Skip to Main Content
Potential species replacements for black ash (Fraxinus nigra) at the confluence of two threats: Emerald ash borer and a changing climateAuthor(s): Louis Iverson; Kathleen S. Knight; Anantha Prasad; Daniel A. Herms; Stephen Matthews; Matthew Peters; Annemarie Smith; Diane M. Hartzler; Robert Long; John Almendinger
Source: Ecosystems. 19: 248-270. doi: 10.1007/s10021-015-9929-y.
Publication Series: Scientific Journal (JRNL)
Station: Northern Research Station
View PDF (7.0 MB)
Related Research Highlights
Has Climate Affected Tree Species Distribution in New England?
DescriptionThe emerald ash borer (Agrilus planipennis; EAB) is causing widespread mortality of ash (Fraxinus spp.) and climate change is altering habitats of tree species throughout large portions of North America. Black ash (F. nigra), a moist-soil species common in the Northwoods of Minnesota, Wisconsin, and Michigan, USA, is under a double threat of losing habitat from climate change and near annihilation from EAB. Because black ash often occurs in nearly pure stands, planting non-ash species is a management strategy already underway or being planned for thousands of acres. Tools are needed to assist managers in prioritizing sites for early treatment and to select potential species to replace black ash. This study explores the implications of threats to black ash ecosystems using analyses of field data andmodels to assess both the threats to, and potential replacement species for, black ash in Minnesota. For our analysis we (1) assessed the status of ashes and co-occurring species inforest inventory plots throughout Minnesota; (2) modeled the risk of EAB attack for multiple years in Minnesota; (3) modeled potential impacts of climate change on tree species with current or potential future habitat in Minnesota; (4) evaluated species co-occurring with black ash in plots in Ohio and Michigan, southeast of Minnesota; and (5) synthesized these results to provide a classification for candidate replacement species, both from within Minnesota and from points farther south. Though this process is demonstrated for black ash in Minnesota, the elements to be considered and modeled would be similar for any other location with a pest or pathogen threat for a species which simultaneously faces a changing climate.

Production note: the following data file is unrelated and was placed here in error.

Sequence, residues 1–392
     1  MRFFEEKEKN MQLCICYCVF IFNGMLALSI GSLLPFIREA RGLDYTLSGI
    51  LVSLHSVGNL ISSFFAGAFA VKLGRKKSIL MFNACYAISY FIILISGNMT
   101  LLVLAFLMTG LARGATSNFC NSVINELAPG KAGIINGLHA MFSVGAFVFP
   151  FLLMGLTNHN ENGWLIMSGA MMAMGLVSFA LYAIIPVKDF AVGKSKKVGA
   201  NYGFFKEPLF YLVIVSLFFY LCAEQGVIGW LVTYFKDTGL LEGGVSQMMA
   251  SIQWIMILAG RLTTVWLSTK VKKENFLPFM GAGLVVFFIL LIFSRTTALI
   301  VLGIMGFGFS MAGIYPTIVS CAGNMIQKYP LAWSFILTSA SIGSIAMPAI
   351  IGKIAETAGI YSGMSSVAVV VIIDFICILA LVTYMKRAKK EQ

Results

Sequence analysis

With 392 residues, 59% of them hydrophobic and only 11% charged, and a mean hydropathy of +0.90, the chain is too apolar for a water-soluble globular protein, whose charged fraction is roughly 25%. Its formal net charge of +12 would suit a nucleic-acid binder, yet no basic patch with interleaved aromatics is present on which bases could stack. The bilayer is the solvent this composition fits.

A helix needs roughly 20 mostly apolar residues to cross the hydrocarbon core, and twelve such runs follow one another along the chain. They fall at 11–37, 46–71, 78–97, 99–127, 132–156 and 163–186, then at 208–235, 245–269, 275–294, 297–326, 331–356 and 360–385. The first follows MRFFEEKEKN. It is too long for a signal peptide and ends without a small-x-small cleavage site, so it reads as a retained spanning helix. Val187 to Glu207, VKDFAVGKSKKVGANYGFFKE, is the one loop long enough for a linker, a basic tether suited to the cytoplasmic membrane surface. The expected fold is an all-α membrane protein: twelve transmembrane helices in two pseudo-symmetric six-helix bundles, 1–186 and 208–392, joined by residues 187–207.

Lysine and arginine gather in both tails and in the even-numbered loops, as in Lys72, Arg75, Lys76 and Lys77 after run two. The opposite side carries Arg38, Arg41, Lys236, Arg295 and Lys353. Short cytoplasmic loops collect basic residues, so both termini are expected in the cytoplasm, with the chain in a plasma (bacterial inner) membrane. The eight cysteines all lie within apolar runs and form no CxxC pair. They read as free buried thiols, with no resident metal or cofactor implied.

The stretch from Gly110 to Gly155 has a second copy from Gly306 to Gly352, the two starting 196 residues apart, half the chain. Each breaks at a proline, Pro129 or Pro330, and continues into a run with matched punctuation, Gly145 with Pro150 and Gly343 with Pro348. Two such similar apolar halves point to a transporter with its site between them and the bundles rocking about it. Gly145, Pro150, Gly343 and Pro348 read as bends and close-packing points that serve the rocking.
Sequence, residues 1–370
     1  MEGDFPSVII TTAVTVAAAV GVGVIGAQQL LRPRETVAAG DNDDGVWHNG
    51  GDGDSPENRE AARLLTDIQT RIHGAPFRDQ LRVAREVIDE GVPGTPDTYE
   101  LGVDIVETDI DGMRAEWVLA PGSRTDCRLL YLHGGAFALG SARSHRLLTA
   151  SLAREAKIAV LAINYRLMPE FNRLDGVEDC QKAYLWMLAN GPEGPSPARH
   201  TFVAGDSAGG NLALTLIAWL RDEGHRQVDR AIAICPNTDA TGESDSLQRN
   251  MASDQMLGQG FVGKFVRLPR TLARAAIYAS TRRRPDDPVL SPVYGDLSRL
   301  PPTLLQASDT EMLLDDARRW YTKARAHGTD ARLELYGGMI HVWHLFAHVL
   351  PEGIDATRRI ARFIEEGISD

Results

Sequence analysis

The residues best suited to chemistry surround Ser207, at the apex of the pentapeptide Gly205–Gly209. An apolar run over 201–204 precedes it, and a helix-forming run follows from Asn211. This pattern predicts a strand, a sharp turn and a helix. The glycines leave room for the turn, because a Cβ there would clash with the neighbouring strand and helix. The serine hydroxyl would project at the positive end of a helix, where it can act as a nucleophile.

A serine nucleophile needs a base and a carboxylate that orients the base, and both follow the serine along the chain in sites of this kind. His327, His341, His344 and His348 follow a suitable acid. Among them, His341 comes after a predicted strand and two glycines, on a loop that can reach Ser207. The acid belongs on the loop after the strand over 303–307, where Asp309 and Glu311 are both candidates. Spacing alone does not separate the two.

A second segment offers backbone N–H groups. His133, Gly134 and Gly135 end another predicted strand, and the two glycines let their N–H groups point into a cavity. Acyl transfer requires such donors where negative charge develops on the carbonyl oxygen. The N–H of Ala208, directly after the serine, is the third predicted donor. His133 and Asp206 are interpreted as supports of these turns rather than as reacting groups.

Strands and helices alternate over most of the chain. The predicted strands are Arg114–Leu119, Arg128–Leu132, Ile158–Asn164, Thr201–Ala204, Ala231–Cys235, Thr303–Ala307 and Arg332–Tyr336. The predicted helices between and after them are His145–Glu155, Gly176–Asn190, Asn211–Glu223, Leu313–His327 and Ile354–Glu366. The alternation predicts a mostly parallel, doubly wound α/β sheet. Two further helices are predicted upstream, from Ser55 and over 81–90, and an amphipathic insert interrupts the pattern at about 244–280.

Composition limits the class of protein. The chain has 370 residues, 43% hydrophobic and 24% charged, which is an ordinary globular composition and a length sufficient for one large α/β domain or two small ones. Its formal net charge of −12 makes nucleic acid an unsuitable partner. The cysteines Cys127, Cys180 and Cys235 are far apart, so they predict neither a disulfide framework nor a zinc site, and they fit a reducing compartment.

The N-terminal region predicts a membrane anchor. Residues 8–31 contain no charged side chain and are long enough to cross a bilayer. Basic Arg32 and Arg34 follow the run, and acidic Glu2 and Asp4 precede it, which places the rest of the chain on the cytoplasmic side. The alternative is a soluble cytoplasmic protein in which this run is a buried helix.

- Check the Northern Research Station web site to request a printed copy of this publication.
- Our on-line publications are scanned and captured using Adobe Acrobat.
- During the capture process some typographical errors may occur.
- Please contact Sharon Hobrla, email@example.com if you notice any errors which make this publication unusable.
- We recommend that you also print this page and attach it to the printout of the article, to retain the full citation information.
- This article was written and prepared by U.S. Government employees on official time, and is therefore in the public domain.
CitationIverson, Louis; Knight, Kathleen S.; Prasad, Anantha; Herms, Daniel A.; Matthews, Stephen; Peters, Matthew; Smith, Annemarie; Hartzler, Diane M.; Long, Robert; Almendinger, John. 2015. Potential species replacements for black ash (Fraxinus nigra) at the confluence of two threats: Emerald ash borer and a changing climate. Ecosystems. 19: 248-270. doi: 10.1007/s10021-015-9929-y.
Keywordsassisted range expansion, invasive insect spread model, climate change, emerald ash borer, multiple forest threats, restoration, species distribution models
- Evaluating Adaptive Management Options for Black Ash Forests in the Face of Emerald Ash Borer Invasion
- Potential replacements for northwoods black ash in a changing climate: the confluence of two challenges
- Canopy treatment influences growth of replacement tree species in Fraxinus nigra forests threatened by the emerald ash borer in Minnesota, USA
XML: View XML